This elemental emotion has been with us forever. It helped us survive when we were living in caves, always driving us to run fast or fight hard. We can't escape our capacity to feel fear because it's hardwired into our brains. Without our fight or flight drive, we wouldn't have lasted long on this earth.
But these days we don't have such simple fears that they can either be run away from quickly or bludgeoned with a club.
Sitting at my computer I've been thinking about fear a lot lately. It seems in exchange for the comforts of modern, civilized life, we now have to deal with a new sort of fear. It's the slow, insidious fear that creeps in under the door and slowly encircles your ankles.
These simple fears don't seem like a big deal in the beginning - worry over your kids/grandkids getting hurt, concern over the economy, or stress over which fabrics to pick for your next quilt.
They seem simple enough, but if allowed free reign to grow and manifest, these fears can drive you to do crazy things like not letting your child outside to play, hording canned foods just in case the world ends next week, or stalling out your next quilt project simply because you can't pick the colors.
The more I think about it, the more I see that our modern fears are all things we can't easily fight or fly from, so it makes sense that, for our brains at least, it's difficult to know how to react when a fear goes from just a small worry to a life-controlling obsession.
So how does all of this relate to quilting?
I've been watching and reading many blogs over the last two weeks and it seems the one thing stopping most quilters from even TRYING free motion is just simple fear.
What if I mess up this quilt?
- Use a practice sandwich so you're NOT quilting on a real quilt that took many hours to piece. It's just batting and fabric and thread after all. It's not going to sit up and yell at you.
What if I'm really bad at free motion quilting?
- Chances are you will see some ugly stitches, but this is totally normal. It will also feel weird because you're using your machine in a different way. Neither of these things mean you're particularly bad or good at free motion. You're just starting! Give yourself a break!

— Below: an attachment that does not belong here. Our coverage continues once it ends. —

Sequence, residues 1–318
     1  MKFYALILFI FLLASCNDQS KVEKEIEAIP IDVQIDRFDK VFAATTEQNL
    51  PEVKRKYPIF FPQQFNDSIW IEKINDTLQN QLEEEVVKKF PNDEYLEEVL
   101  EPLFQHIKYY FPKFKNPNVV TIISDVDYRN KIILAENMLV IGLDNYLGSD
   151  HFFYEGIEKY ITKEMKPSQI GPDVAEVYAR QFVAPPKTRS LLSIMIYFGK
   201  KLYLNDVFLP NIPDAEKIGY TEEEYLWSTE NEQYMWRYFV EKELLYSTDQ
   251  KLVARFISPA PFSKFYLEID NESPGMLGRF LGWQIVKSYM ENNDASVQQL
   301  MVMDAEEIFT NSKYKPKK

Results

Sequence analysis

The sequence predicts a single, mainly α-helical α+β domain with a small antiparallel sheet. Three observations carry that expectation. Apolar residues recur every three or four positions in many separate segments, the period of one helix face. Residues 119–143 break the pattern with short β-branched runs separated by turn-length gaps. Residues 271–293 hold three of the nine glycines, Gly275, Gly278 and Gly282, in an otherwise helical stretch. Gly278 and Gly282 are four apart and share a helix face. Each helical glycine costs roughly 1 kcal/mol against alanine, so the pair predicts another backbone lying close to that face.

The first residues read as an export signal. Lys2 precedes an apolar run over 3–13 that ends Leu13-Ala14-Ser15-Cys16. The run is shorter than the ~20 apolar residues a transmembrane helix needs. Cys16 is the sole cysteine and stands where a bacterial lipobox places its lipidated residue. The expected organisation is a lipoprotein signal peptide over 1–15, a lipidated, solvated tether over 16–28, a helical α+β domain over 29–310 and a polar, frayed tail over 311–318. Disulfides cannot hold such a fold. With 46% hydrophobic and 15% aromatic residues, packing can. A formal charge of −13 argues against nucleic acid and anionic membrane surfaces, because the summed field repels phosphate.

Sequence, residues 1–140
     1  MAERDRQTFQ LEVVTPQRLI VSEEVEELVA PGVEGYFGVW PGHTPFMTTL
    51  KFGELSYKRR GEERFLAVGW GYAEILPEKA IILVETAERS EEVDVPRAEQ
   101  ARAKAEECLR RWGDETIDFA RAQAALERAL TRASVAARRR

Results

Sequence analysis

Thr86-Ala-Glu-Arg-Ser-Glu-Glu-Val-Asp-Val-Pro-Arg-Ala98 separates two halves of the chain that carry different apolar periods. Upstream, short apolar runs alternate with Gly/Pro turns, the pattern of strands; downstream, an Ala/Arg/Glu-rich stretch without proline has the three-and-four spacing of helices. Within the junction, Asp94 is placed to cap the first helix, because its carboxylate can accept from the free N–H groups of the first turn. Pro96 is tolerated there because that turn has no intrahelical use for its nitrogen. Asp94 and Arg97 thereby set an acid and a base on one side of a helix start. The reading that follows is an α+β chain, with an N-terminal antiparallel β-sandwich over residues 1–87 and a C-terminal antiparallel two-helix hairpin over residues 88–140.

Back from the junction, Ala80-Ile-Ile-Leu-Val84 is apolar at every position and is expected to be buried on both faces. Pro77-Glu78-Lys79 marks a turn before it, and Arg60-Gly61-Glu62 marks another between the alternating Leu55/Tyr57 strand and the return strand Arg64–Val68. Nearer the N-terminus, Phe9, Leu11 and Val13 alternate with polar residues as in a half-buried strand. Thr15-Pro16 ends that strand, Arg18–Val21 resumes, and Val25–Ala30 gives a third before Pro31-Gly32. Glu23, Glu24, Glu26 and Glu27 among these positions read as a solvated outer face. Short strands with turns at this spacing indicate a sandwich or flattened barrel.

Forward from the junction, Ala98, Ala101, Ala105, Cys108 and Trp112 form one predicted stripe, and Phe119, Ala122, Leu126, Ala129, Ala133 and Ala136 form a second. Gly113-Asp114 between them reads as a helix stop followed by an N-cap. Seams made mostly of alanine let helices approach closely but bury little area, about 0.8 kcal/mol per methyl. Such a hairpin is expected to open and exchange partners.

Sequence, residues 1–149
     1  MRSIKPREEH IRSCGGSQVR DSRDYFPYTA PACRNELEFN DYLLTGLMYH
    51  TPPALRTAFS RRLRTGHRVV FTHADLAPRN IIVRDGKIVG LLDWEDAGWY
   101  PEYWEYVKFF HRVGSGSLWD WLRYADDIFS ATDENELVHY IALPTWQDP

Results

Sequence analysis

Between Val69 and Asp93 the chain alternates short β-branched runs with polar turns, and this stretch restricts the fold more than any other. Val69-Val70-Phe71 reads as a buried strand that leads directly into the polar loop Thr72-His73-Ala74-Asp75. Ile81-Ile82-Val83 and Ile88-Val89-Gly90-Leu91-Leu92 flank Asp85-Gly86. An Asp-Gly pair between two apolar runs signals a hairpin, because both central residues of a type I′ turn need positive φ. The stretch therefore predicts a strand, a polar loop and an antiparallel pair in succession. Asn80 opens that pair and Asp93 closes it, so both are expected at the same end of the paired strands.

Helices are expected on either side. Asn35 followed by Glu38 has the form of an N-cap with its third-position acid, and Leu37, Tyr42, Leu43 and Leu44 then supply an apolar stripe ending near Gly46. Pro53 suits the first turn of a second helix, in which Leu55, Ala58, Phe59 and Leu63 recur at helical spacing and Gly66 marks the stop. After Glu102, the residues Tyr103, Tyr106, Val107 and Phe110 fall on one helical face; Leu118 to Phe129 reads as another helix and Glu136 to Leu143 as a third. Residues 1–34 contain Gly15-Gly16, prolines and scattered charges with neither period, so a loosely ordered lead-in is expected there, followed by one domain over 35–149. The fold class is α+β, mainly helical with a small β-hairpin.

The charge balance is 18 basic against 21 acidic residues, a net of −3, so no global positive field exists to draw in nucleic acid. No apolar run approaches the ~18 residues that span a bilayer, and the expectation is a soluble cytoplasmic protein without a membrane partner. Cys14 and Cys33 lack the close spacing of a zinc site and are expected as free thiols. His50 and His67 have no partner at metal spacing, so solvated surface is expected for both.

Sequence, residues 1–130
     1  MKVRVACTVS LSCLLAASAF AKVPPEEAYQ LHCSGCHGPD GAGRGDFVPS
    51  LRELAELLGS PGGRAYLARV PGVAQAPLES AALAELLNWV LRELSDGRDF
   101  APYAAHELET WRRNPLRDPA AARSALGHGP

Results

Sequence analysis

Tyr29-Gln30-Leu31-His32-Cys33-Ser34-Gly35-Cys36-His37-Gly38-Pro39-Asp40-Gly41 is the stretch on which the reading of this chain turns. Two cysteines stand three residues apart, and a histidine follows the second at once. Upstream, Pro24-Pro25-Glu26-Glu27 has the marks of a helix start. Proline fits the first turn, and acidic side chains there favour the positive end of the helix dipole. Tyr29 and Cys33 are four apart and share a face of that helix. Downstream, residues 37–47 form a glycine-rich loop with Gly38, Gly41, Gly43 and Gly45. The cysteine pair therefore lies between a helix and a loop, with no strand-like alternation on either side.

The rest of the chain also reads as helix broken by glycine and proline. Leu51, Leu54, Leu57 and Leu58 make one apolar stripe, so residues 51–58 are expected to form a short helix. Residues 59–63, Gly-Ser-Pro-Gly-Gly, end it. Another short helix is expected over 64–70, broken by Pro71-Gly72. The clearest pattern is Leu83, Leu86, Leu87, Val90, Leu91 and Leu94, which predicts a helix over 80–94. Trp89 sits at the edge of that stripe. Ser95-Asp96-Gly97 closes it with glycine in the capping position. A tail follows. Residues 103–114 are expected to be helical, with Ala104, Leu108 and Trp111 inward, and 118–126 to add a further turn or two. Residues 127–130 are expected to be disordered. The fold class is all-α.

What if I never get the hang of it?
- If you put time and effort into practicing this skill, you will see an improvement every time you quilt. Fear of being bad at it, or never improving is just not logical. The more you work at it, the better you will get.
Are you starting to see a pattern here? No matter what little worry comes into your head, there is a logical argument to counter it.
Logic is the enemy of fear. You will not be afraid of illogical things if you only look at them in a logical way.
If you allow it, fear will stick you in place, stop you from trying and doing the things you want to do.
I know this all too well because last year I allowed fear to squash me flat. This time last year all 365 designs were stitched out and I had an ENTIRE YEAR to plan and create what was coming next on this blog.
But what did I do? I allowed fear to enter the equation and it stuck me in place.
For an entire year I stressed and worried and had many good ideas, but I couldn't actually START on any of them!
Every time I had an idea about what to do, fear would start asking questions. What if everyone hates this idea? What if I don't do it right and everyone is confused? What if I can't get all of x,y, z done in time?
Never before in my life have I used the word Procrastination to describe myself. I wasn't intentionally treading water, wasting time, but that is exactly what was happening because I couldn't make a decision.
I was stuck. Fear stuck me in place. No movement. No forward. Just STUCK.
It was only in the last week of the project that I finally forced myself to make a decision. I was still so consumed by my illogical fear that I was sure, absolutely positively sure, that you would all hate the way I was changing this blog.
I sat waiting for dire emails lambasting my need for change, criticizing this new quilt along idea, and demanding a return to the way the project was. It just proves how illogical my fear was - I never received even ONE nasty email this year.
As the first and second weeks have gone by, I've slowly unbent from the curled, squashed position my fears put me in last year. I conquered the fear in the end by coming to this realization:
Nothing could possibly be worse than being stuck in place by fear.
All the most terrible and nasty emails in the world were not as bad as the feeling of being pummeled by illogical fears. To make the feeling even more visual, I sketched this drawing of a goddess under a torrent of fear (that's a rain cloud above her by the way, not a bundle of balloons!):
Finally I just said - Shut up and go quilt Leah and you'll figure it all out later.
Shut up because all these worries are illogical.
Shut up because you don't need to ask any more questions.
Shut up because the answers will come, but ONLY from behind a machine.
Shut up and MOVE beyond this stuck place!
So if you're feeling particularly stuck, held in place by all the many questions and worries and fears that come with free motion quilting, consider for a second what this state feels like.
Consider the chains holding you in place, the ropes tying you to one spot, all the pull and weight of that fear reigning down on your back.
And now consider the fact that you can MOVE out of this place of fear by taking a single step: